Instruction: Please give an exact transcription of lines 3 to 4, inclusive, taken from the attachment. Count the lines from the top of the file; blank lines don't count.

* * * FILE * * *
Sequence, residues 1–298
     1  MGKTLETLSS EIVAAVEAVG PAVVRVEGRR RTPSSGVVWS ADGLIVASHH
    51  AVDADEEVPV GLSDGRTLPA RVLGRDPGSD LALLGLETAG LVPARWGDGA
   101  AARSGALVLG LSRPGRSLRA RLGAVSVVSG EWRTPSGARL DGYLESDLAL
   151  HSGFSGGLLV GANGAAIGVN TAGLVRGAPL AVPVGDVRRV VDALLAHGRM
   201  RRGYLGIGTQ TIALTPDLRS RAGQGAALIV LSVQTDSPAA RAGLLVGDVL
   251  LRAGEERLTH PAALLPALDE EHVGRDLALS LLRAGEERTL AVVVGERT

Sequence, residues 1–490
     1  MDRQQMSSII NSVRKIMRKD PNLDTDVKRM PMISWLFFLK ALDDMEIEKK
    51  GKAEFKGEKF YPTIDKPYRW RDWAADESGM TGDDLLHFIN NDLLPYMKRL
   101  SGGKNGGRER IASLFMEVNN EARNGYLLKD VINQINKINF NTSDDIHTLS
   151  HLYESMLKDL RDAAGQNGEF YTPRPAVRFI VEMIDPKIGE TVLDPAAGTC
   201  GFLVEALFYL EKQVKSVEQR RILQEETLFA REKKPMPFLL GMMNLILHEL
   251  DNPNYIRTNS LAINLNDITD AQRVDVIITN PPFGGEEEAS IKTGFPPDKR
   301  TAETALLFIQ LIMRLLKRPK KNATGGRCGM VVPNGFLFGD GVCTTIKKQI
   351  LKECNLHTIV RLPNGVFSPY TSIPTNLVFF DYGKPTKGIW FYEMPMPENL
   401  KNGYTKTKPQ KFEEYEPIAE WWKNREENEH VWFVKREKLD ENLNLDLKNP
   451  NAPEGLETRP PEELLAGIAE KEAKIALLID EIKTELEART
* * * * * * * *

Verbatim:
    51  AVDADEEVPV GLSDGRTLPA RVLGRDPGSD LALLGLETAG LVPARWGDGA
   101  AARSGALVLG LSRPGRSLRA RLGAVSVVSG EWRTPSGARL DGYLESDLAL